Higher education is juxtaposed between the needs to sustain the singularity of knowledge in higher
echelons of intellect and a compulsion to provide pragmatic solutions to the issues that matter for a
sustainable world. If one factor places intellectual demand on the system, the other factor tweaks at
the conscience of the establishment. Such a position demands a delicate balance to strike, so that the
scarce resources can be optimised.
Healthcare education is in a much more edgy flux. A significant portion of knowledge in healthcare
education is drawn from various components of higher education, which could range from
anthropology to zoology. Thus, healthcare education can essentially be termed to be deriving
philosophical moorings from higher education and practically responding to the needs of society.
Further, healthcare is not a monolithic entity. It is more of a team-based service that includes medical,
nursing and allied healthcare professionals. The medical profession encompasses clinicians of western
biomedical stream, the dentists, surgeons and the various AYUSH healthcare professionals. Pluralism
of healthcare sector is not only an opportunity for the policy makers, but also a challenge to provide
With this unique position, it would be worthwhile to examine the challenges in the healthcare sector,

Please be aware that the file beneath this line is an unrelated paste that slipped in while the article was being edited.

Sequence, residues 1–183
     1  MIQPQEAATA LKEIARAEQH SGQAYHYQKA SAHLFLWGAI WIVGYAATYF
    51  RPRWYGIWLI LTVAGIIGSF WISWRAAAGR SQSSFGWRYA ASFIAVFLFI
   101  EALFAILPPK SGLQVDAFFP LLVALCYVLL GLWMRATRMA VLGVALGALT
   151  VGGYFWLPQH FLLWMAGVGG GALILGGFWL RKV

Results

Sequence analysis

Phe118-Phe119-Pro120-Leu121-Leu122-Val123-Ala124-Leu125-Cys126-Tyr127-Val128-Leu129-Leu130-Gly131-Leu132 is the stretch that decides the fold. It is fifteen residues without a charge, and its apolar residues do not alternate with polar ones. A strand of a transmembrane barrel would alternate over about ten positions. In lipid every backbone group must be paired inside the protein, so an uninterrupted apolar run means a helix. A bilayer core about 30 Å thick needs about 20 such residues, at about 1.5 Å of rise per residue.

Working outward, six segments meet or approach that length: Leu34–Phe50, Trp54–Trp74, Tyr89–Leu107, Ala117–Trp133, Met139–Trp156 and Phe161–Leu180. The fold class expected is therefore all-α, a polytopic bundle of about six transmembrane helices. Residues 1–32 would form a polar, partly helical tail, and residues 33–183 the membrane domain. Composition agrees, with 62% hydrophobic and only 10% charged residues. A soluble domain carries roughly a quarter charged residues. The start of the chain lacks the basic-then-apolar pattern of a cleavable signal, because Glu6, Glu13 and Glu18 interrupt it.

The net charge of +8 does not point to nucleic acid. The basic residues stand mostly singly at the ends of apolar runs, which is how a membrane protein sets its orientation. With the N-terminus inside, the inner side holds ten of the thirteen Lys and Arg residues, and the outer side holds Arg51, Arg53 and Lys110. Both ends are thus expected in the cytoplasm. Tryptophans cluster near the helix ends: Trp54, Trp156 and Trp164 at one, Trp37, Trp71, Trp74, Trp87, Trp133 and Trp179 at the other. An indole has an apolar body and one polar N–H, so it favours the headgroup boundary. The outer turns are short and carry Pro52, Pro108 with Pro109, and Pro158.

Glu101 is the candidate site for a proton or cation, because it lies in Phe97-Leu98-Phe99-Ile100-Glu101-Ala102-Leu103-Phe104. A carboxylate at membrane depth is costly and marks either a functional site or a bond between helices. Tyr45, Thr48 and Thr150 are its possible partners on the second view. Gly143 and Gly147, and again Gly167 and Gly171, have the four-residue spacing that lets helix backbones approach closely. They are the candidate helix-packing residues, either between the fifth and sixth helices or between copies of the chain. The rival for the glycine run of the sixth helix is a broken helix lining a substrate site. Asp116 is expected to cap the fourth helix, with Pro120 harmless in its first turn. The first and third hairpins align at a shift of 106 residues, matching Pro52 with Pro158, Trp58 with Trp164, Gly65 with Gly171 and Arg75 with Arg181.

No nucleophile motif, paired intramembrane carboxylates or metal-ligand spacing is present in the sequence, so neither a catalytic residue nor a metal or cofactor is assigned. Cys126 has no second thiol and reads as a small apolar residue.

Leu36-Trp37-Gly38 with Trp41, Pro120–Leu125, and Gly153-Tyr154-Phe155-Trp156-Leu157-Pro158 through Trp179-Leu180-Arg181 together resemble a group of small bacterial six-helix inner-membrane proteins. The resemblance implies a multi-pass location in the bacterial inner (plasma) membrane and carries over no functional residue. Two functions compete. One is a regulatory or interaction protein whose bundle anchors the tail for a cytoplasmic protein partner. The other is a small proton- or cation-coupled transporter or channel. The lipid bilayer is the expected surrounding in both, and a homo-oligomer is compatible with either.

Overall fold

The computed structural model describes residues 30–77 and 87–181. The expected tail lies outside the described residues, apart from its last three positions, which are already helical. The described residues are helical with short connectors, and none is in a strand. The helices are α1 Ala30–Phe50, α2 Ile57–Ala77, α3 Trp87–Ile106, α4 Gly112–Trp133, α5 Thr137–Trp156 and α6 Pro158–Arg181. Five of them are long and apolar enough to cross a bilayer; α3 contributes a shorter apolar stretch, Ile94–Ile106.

what are the resources needed to address to these issues and what role should a health university play
in moderating the resource generation.
Challenges in the healthcare sector
The century we just left behind has been a remarkable one for human development. Fifty years ago,
the majority of the world's population died before the age of 50. Today average life expectancy in
developing countries is 64 years and is projected to reach around 70 years by the year 2020.
Health demography is concerned with study of the characteristics of human populations, such as size,
growth, density, distribution, and vital statistics. This is a newly emerging discipline that emphasizes
the interdisciplinary nature between the population science and health science. Studies conducted in
this domain reveal changing landscape of health awareness among populations. This has brought in a
paradigm shift in their healthcare priorities.
Moreover, epidemiological trends have undergone a seismic shift in the pattern of morbidities. If a